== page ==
21-06-2022 | | By Robin Mitchell
In a surprising move, Elon Musk recently announced that Tesla employees must return to the office for at least 40 hours a week or resign. How has the nature of work changed, what did Elon Musk say, and is Elon Musk seriously wrong on this point?
Before 2020, the office played a critical role for many businesses worldwide. Employees would be expected to get up early, navigate morning traffic, and then spend their working day at a desk. The benefits of having all employees at an office include team meetings, the ability for employees to quickly discuss manners relating to work, and for managers to keep an eye on their employees. For more hands-on professions involving physical products (such as electronics), being physically present in an office also allows for such parts to be handled and inspected.
However, the COVID pandemic of 2020 shook the world to its core, and the mass lockdowns around the world forced the vast majority of companies to either adopt a new method of working or close down. Thanks to the developments of the internet and cloud computing, many companies were able to continue operations with employees working from home, while those that couldn’t adapt either temporally or permanently shut down.
Fast forward to 2022, and while life has returned to some degree of normality, many businesses have continued their remote work practices after recognising the benefits it provides to companies and employees alike. The use of video conferences and private VPN services allow employees to access internal business networks while staying at home, and the lack of commuting will enable employees to work longer hours without feeling pressured.
In a somewhat remarkable statement, Elon Musk recently announced to employees at Tesla that they are expected to return to the office for a minimum of 40 hours a week or resign. Additionally, he also stated that employees who want to pretend to do work should do so at another company.
The statements made by Elon Musk have shocked many businesses and experts who are seeing a multitude of positive impacts of remote working. Considering that Elon Musk has also paraded the idea of renewable energies and reducing fossil fuel dependency, expecting office employees to return would result in increased CO2 emissions.
One reason for this mindset may come from the time when Elon Musk frequently slept at Tesla factories to prevent the business from going bankrupt. Essentially, by spending all his time at the site, he could make better use of his time and ensure that projects were executed correctly. Thus, if Elon Musk spends all night at Tesla to ensure its success, then maybe employees should be expected to at least perform their daily tasks at the office.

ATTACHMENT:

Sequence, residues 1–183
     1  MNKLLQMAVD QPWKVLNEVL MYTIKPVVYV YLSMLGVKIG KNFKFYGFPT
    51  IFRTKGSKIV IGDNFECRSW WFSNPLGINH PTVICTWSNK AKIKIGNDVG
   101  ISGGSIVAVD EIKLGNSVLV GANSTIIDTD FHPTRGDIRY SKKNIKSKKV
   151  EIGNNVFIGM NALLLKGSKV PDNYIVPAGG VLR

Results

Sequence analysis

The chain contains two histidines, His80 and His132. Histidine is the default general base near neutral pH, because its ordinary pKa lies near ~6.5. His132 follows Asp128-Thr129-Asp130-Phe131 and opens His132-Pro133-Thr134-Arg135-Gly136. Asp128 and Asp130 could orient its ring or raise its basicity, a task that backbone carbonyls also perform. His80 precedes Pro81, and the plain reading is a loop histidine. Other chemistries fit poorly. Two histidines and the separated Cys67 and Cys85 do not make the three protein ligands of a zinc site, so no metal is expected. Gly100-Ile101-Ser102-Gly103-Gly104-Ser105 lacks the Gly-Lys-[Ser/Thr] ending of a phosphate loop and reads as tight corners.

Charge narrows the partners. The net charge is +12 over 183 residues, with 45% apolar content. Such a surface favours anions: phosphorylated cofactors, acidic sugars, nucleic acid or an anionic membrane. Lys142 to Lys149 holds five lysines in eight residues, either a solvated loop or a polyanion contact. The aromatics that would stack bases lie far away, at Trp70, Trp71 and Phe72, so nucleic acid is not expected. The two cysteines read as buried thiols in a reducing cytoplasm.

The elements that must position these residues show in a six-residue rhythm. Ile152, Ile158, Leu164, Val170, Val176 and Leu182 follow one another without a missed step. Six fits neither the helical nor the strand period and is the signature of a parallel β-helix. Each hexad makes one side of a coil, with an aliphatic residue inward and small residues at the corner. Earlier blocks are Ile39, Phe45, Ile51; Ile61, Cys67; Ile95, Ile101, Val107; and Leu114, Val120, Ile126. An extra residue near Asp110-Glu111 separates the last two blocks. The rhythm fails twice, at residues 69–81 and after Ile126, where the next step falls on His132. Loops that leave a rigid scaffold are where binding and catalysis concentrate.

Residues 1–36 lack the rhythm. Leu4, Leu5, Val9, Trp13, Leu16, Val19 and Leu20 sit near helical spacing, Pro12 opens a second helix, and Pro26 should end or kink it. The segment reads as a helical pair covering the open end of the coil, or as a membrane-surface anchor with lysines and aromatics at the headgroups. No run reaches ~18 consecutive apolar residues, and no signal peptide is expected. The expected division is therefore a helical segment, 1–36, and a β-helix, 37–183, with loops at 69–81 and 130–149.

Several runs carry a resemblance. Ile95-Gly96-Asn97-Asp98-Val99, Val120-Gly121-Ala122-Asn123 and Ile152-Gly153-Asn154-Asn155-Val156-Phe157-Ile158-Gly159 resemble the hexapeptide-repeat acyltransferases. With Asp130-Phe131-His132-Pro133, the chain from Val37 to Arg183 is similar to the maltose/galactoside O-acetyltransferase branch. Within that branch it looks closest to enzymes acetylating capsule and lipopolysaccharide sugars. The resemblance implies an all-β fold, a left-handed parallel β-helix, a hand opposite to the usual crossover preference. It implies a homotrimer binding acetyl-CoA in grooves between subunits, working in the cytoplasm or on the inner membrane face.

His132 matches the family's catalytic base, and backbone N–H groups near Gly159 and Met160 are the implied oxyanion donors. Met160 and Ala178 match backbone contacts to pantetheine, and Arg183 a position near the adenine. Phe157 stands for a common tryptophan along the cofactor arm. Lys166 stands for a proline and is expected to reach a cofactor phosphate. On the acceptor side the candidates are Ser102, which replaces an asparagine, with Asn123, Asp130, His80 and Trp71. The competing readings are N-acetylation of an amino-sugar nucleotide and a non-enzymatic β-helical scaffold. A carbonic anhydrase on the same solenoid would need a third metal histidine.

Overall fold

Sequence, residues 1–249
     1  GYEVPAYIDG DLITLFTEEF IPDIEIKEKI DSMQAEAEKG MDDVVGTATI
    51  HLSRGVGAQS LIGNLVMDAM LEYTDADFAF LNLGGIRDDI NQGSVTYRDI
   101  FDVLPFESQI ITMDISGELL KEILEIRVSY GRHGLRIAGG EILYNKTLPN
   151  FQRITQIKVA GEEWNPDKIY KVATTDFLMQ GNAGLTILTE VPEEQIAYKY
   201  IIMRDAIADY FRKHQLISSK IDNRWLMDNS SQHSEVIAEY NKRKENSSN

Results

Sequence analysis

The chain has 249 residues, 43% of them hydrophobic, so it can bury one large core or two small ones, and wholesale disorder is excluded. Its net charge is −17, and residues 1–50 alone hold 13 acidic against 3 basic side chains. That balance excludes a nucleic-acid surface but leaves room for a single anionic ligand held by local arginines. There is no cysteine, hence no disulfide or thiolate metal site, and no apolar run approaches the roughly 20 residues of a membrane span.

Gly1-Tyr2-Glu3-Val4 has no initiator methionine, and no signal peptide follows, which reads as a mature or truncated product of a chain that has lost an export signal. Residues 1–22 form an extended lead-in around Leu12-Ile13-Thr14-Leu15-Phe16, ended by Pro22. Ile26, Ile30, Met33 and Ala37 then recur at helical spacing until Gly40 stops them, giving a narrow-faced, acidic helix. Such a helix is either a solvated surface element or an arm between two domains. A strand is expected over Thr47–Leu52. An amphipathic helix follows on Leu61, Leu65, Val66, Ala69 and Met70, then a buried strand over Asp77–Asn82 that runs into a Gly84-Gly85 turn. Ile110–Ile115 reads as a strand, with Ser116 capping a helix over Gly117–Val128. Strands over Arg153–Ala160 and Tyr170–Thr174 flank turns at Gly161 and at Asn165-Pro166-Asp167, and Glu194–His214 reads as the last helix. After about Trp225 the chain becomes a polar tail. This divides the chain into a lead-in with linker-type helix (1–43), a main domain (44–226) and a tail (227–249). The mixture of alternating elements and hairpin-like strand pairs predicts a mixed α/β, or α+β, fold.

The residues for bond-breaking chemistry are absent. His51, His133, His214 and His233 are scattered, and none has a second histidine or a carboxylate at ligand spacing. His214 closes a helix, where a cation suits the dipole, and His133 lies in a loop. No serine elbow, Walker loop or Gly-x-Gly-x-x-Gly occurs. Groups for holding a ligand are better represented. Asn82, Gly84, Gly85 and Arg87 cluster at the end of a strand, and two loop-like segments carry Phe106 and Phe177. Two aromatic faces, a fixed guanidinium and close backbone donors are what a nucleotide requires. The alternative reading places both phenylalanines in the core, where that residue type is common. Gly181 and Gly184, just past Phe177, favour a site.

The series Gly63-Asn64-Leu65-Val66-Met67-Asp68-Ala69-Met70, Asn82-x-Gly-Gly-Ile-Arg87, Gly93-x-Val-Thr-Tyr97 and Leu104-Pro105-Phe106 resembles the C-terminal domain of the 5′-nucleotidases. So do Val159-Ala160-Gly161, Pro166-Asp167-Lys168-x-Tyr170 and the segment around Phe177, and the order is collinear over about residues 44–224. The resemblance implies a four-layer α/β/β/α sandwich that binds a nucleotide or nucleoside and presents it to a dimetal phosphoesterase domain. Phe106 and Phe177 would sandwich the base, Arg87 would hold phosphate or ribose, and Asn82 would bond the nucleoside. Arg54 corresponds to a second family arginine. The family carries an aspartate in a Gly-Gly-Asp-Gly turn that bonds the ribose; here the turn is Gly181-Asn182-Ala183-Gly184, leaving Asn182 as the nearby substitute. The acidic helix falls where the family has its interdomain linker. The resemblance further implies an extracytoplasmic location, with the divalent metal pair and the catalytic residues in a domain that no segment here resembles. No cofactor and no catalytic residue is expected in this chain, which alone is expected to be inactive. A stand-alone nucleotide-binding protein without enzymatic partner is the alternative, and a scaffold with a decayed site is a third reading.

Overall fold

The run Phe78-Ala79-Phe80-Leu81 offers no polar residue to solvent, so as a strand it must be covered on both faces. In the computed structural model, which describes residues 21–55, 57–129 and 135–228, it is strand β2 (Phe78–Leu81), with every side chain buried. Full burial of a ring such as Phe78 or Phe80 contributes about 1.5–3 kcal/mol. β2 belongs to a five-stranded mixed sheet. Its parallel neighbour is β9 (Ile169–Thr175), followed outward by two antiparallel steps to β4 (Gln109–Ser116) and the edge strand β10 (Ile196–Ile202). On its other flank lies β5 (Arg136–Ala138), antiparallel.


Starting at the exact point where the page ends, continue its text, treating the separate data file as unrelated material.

Elon Musk is well known for his forward-thinking ideas of grandeur for the human race and push for technological advancement. And yet, it would seem that Elon Musk is in the minority regarding remote work and the future of the office. This leads us to the question, “Is Elon Musk seriously misguided on remote work?”.
It is understandable why Elon Musk dislikes remote work; those that work remotely are often suspected of not working their full hours honestly, it can create a disconnect between different levels of management, and the idea of being paid a full salary to work from home seems unfair to those who are required to travel to their place of work. Furthermore, having in-person interactions is a very different experience than those over a video conference which is why trade shows and meetings continue even after COVID.
However, when considering the advances that technology has made and the positive effects on the environment and employee health by not travelling, it would seem that Elon Musk is seriously misguided on remote work. The reduction of CO2 as a result of no commuting not only helps reduce the impacts of climate change but also reduces the number of pollutants in the atmosphere known to cause respiratory diseases.
Employees being able to work from home are also introduced to flexible working hours, which can be highly beneficial for families, especially those with children at school. With mountains of evidence showing that stable homes with two parents improve the welfare of children, it would only make sense to try and encourage remote working from a social perspective.
Instead, it would seem that Elon Musk wants to squeeze every last bit of energy out of staff by keeping them at the office. Of course, employers should know that trying to maximise employee output is identical to government tax rates. Too much pressure and the quality of work collapses, too little pressure and no one works, but the right balance between work pressure, praise, and employee benefits produces loyal employees who want to work.
Personally, I believe this to be an extremely backwards mindset that doesn’t consider the future of economies, the importance of technology, and how more services will move to the cloud. The introduction of AR and VR will help people meet in a more natural way, the lack of travel will help to reduce the growing environmental concerns of pollution, and the ability for any two people to instantly interact will boost productivity. But above all else, remote work will help strengthen the household and allow parents to spend more time with children, with a positive impact on mental health.